This summer while we were at the cabin together, Stewart and I had time to look at some of his older stories about the land in Alaska. He wrote these pieces about a dozen years ago, and they’ve never been published. I’m excited to share them here.
I’ve also enjoyed hunting for photos to include with these posts. Stewart invited me to paw through a big chest in our living room that contains forty years of photos from Alaska — that’s thousands of not-yet-organized images — so I mean it when I say “hunting.” I think I’m doing a decent job of matching photos with events, but there may be some additions and adjustments after he gets home. (You can click on any of the photos below to turn the gallery into a larger slideshow.)
Now let’s go back to the mid-1990s . . .
Question: How did Stewart build the cabin? (Part 1)
The weather turned wet and blustery on the day we set out for the land. It was a long trek, more difficult than I’d remembered. When we finally reached the top of the ridge I stood gasping for breath under my heavy pack, peering into the valley below. We’d left the dirt road hours ago, and the climb had taken everything I had. We stopped under the shelter of a rocky outcrop to get out of the wind and pull some soggy pizza out of our pockets. I noticed Birch wasn’t issuing any complaints as we sat under the low hanging clouds and mist. He was the perfect person to have along on this daunting adventure, and I couldn’t even imagine it without him. Birch was a log cabin builder by profession, as well as an experienced woodsman and longtime Alaskan. I’d met him when I first moved into my cabin at Two Mile, and we’d become friends over the years. A poet and woodsman both, Birch personified the rugged individualism so characteristic of Alaska. He was once dropped by bush plane in the far northern reaches of the Brooks Range to build a cabin by himself before the fall of winter. He carved the rough log structure from the forest in a matter of weeks, while at the same time defending himself from local grizzlies that had become interested in his presence. Birch was a touchstone with the natural self I felt so estranged from in my far removed life “outside.” Each time a letter arrived in his familiar scrawl, I felt a pang of nostalgia as my connection revived.
My plans for building in the foothills of the Alaska Range had seemed crazily ambitious as I sat on the tarmac at the Fairbanks airport. I felt overly citified and out of place in my California clothes among the rough wool shirts and heavy pants of the “real Alaskans” around me. What was I thinking? How would I survive for more than a month in this demanding country? We were brazenly embarking on a project that would span many years and hold challenges that I could only begin to guess at. Our first plan was to build the cache, a traditional log building high in the air on stilts where we could store our food and tools during the months we would be absent. Without a cache, any materials left on the ground would be ready fodder for bears, wolves and other denizens of the land. After building the cache, we could begin to cut trees in earnest for the construction of the cabin.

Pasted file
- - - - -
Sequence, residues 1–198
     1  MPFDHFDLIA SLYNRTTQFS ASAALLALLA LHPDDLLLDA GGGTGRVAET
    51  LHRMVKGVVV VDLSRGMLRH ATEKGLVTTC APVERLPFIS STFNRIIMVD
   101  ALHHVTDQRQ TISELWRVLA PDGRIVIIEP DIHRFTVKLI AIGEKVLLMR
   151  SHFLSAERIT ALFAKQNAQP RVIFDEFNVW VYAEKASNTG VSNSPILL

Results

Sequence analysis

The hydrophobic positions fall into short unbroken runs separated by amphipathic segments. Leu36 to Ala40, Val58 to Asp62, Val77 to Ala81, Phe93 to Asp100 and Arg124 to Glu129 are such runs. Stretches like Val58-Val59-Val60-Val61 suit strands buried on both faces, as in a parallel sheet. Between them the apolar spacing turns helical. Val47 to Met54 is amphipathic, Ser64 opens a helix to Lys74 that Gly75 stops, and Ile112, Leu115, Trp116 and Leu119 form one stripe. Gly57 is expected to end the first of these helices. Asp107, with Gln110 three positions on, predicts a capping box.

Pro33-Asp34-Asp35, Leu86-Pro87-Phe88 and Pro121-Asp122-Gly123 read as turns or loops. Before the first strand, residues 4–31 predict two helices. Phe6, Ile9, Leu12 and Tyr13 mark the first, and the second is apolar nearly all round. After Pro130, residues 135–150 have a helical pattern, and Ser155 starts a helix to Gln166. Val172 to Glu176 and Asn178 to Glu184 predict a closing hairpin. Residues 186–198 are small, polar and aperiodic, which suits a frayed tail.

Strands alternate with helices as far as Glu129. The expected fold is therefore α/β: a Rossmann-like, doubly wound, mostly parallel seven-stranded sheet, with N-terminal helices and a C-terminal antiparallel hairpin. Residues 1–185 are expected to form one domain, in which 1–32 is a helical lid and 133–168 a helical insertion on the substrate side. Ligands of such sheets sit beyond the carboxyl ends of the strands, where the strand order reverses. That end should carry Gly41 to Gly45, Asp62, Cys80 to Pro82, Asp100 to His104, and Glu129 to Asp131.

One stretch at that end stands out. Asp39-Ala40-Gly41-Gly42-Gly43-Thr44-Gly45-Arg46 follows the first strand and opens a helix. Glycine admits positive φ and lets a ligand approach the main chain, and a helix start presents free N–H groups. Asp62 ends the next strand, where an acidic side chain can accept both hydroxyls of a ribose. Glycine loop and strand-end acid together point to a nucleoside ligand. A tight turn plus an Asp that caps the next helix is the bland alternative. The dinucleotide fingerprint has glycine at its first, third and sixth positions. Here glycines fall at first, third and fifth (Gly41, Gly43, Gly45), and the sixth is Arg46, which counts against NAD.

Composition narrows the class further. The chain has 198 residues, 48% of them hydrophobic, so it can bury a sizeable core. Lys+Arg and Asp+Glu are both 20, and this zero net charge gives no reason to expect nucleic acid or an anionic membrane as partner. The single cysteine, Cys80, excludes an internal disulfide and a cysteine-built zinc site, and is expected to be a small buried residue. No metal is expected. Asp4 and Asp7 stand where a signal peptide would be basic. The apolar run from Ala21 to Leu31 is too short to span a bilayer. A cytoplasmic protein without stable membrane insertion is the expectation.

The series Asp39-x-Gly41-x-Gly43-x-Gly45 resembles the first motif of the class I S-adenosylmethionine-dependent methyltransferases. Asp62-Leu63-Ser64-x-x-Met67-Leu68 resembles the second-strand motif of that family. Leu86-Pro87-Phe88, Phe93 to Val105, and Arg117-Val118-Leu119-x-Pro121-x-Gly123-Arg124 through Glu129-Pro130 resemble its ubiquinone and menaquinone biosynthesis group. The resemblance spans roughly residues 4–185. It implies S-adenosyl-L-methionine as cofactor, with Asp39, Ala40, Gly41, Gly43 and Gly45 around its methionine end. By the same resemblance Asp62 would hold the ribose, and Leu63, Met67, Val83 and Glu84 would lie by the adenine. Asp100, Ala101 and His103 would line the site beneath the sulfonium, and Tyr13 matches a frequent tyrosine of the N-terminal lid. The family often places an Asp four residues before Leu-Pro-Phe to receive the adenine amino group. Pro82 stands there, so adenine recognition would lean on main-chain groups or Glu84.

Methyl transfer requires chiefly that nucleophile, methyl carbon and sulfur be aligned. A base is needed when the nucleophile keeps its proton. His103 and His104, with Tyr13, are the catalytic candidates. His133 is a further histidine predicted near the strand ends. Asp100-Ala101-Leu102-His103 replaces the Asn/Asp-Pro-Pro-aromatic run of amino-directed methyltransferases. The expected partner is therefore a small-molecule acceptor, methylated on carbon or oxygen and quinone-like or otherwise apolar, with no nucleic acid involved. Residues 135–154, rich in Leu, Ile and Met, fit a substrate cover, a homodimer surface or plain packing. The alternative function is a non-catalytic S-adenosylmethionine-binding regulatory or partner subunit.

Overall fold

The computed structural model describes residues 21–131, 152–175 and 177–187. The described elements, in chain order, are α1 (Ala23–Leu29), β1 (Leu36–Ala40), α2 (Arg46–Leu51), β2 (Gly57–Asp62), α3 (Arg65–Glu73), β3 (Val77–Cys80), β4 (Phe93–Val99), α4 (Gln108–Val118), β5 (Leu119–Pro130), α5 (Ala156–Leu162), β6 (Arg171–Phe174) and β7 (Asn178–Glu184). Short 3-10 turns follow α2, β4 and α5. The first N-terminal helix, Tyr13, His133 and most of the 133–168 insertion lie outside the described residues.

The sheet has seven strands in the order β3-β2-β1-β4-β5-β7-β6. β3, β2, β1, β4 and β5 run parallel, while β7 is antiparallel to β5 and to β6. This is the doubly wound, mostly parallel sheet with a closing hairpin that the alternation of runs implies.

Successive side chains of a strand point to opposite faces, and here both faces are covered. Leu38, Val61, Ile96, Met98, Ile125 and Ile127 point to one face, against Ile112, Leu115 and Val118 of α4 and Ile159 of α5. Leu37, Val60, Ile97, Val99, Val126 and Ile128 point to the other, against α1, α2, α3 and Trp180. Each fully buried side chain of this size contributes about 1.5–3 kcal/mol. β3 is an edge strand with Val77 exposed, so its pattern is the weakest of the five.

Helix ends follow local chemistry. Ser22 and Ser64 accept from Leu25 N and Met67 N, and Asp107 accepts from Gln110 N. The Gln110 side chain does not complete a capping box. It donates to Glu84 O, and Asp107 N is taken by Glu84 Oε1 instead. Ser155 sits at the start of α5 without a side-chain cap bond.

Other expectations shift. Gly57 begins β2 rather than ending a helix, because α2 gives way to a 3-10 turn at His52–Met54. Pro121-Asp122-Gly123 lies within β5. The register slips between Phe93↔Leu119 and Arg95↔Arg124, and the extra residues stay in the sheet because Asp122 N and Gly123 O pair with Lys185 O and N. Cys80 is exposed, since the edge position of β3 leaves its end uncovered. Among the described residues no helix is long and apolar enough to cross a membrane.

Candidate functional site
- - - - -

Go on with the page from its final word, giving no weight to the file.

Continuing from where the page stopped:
We’d scheduled an airdrop for the day after our arrival. The supplies — a few tools and food enough for the month — were purchased in Fairbanks and packed in boxes that we’d hoped could survive the drop to the tundra. The plane landed on a nearby ridge in order to unhinge and leave behind its passenger door. Then the seasoned pilot took off with the wind raging through the open cockpit. He swooped low over the land at near stalling speed and pushed the supplies from the open side of the plane. The boxes tumbled end over end as we watched closely so as not to lose track of their precious contents. They bounced high in the spongy brush and sometimes broke open, spewing their contents over the acres of dwarf birch and bog blueberry. We made mental notes as apples, butter, bacon, rice, and tea scattered everywhere, hastening to bring everything in before it was lost to other hungry mouths.
We kept tools to a minimum. A shovel came tumbling out of the door taped to a few pieces of wood for making a rough table to prepare food. Our canvas wall tent landed with a hard thud. We would cut spruce poles and get the heavy barrier up as soon as possible to grant us some shelter from the elements. Axes, bow saws with extra blades, and 12-inch spikes rained down from the heavens. Our new airtight woodstove landed with only a few dents. We scampered to pick up each implement that would be crucial to our work. We’d decided against using power tools. It would be grueling cutting down the trees using just single person bow saws, but I couldn’t bring myself to unleash the sound of a chainsaw in this ancient valley without history of human habitation. There was an archeological dig across the river that had proven to be the remains of a nomadic hunter-gatherer party from over 12,000 years ago. Those eons of silence weighed on me as I imagined the offensive whine of a gasoline engine where forever there had been only the sounds of the wind and water, and only recently the occasional hum of over-flying bush pilots.